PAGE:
Reply to this comment Post a new comment
 
RainyWriter This work has been published in the Teen Ink monthly print magazine. said...
May 23, 2013 at 12:00 am:
I love how unashamed you were in this article. I am not Muslim myself, but my relatives are from Indonesia, where (surprise, surprise, because it's not in the Middle East) the largest population of Muslims are. Funny enough, everyone there is Muslim there as everyone is Christian here. People seem to realize there are differing levels of Christians or Jews, etc, but don't seem to realize the same applies to Muslims. Much how like not everyone in the United States, or even the South, is a... (more »)
 
writingrocks This work has been published in the Teen Ink monthly print magazine. replied...
May 24, 2013 at 6:09 pm :
I love your extremely positive tone. I hope there are many more individuals out there who share your same view!
 
Reply to this comment Post a new comment
 
JRayeThis teenager is a 'regular' and has contributed a lot of work, comments and/or forum posts, and has received many votes and high ratings over a long period of time. said...
May 21, 2013 at 7:14 pm:
Really really well written! It's so true - when it comes down to it, we're all split up because of our differences. Beliefs, race, appearance...real messed up. Awesome job, keep it up! :)
 
writingrocks This work has been published in the Teen Ink monthly print magazine. replied...
May 22, 2013 at 4:22 pm :
That is so true! Thanks for the feedback!
 
Reply to this comment Post a new comment
 
SunballSunnyThis teenager is a 'regular' and has contributed a lot of work, comments and/or forum posts, and has received many votes and high ratings over a long period of time. said...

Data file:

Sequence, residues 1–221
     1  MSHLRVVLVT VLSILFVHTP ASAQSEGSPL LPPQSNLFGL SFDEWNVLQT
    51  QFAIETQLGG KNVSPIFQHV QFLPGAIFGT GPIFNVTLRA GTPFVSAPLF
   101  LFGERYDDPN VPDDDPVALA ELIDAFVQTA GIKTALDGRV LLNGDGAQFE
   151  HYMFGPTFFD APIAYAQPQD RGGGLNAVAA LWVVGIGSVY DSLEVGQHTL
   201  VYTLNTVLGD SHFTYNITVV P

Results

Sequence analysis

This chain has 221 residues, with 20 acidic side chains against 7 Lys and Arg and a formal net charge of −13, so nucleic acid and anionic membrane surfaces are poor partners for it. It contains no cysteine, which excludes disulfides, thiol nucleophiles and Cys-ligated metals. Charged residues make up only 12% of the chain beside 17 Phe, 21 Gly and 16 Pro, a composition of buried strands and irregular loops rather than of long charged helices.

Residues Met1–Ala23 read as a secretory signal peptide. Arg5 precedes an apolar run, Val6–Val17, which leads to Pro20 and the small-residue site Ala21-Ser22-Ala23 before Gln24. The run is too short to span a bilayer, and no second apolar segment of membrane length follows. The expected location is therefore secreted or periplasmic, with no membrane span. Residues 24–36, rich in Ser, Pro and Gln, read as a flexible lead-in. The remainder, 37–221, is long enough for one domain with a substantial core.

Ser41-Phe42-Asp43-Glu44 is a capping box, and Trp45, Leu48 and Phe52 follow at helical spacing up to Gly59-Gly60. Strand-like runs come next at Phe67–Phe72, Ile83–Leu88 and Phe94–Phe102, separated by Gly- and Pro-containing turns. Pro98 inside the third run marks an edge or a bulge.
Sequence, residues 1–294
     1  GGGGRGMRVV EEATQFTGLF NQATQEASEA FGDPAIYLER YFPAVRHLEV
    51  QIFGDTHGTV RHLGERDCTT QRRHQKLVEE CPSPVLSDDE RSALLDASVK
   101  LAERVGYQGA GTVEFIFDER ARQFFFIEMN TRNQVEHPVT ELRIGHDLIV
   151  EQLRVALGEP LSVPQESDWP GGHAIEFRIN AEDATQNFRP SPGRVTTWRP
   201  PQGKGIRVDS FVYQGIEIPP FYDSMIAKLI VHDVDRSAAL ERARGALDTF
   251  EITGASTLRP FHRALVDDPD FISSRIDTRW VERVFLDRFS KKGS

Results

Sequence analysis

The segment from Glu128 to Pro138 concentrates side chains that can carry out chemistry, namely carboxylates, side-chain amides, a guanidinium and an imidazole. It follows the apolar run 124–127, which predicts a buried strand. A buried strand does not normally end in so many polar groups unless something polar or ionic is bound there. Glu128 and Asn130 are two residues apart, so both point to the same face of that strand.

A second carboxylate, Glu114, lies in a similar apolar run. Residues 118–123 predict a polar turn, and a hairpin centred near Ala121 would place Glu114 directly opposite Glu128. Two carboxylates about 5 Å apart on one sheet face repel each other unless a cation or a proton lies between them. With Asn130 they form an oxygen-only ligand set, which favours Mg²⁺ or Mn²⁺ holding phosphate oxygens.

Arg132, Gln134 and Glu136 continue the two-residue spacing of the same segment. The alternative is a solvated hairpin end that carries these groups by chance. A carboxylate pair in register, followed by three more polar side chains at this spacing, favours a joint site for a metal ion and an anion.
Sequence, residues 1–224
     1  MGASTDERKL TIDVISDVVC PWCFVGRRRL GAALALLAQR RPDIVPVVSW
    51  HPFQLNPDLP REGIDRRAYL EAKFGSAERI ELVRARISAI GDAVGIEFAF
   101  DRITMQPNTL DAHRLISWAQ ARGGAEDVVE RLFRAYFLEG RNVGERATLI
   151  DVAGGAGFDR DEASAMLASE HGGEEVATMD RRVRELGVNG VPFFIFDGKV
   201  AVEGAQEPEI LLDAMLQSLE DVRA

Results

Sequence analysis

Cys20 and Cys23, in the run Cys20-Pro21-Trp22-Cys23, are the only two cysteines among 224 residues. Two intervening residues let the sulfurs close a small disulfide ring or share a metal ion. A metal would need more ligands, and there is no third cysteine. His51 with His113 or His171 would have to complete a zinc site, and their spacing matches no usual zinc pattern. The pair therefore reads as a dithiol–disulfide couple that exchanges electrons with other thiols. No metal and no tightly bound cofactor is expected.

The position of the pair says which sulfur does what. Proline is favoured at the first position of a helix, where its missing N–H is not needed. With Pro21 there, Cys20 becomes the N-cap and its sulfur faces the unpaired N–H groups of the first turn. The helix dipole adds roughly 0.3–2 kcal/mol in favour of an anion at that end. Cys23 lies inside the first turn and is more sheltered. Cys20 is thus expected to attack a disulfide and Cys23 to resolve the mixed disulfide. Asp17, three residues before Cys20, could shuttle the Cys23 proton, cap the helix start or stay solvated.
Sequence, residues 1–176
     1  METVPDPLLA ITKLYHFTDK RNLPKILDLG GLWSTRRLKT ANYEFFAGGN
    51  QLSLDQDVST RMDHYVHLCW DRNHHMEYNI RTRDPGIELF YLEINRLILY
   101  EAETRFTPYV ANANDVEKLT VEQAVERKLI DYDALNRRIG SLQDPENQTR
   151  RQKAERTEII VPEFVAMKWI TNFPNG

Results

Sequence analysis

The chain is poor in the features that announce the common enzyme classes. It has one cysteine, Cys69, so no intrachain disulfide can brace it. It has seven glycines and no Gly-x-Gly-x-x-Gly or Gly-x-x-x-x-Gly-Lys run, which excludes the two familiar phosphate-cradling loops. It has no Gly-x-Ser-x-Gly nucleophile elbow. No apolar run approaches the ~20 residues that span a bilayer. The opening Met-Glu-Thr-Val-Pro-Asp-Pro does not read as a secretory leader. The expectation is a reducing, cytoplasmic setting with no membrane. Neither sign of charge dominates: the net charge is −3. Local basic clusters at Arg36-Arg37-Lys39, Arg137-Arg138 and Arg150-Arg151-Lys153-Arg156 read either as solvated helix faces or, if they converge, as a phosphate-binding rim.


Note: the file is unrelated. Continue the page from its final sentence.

May 21, 2013 at 4:08 pm:
i luv this one i read it in the TI magazine :)
 
writingrocks This work has been published in the Teen Ink monthly print magazine. replied...
May 21, 2013 at 6:09 pm :
Thanks so much for actually coming online to post a comment! Most people just read things and move on. Thanks again!
 
Reply to this comment Post a new comment
 
Read2Live said...
May 18, 2013 at 12:33 pm:
Shalom! Your writing speaks to a great universal truth and I appreciate your strength and courage to share it with the world. I, too, have a Book & following its rules are the foundation of my life. I am grateful for the opportunity to share this world with you & hope that those who read your story will be part of the change that makes room for all of us to live with respect & peace.
 
writingrocks This work has been published in the Teen Ink monthly print magazine. replied...
May 27, 2013 at 10:16 am :
Thank you so much! I hope that many, many other people out in this world share the same outlook on life as you do.
 
Reply to this comment Post a new comment
 
The_hijab_chica said...
May 17, 2013 at 7:09 am:
Thank you. This article has promoted me to go full time with my headscarf. Thank you.
 
writingrocks This work has been published in the Teen Ink monthly print magazine. replied...
May 27, 2013 at 10:17 am :
I'm happy that my writing helped boost your motivation!
 
Reply to this comment Post a new comment
 
purplezebra712 This work has been published in the Teen Ink monthly print magazine. said...
May 14, 2013 at 6:22 pm:
This is a very powerful peice. it was very well written, and adressed an improtant issue.
 
writingrocks This work has been published in the Teen Ink monthly print magazine. replied...
May 14, 2013 at 7:10 pm :
Thanks so much for your feedback!
 
Reply to this comment Post a new comment
 
hzavery said...
May 14, 2013 at 12:22 pm:
Thank GOD someone finally wrote this! I used to wear a hijab, but because of ppl bullying me and calling me a terrorist, I stopped wearing it. im glad you posted  this, well written
 
Reply to this comment Post a new comment
 
Site Feedback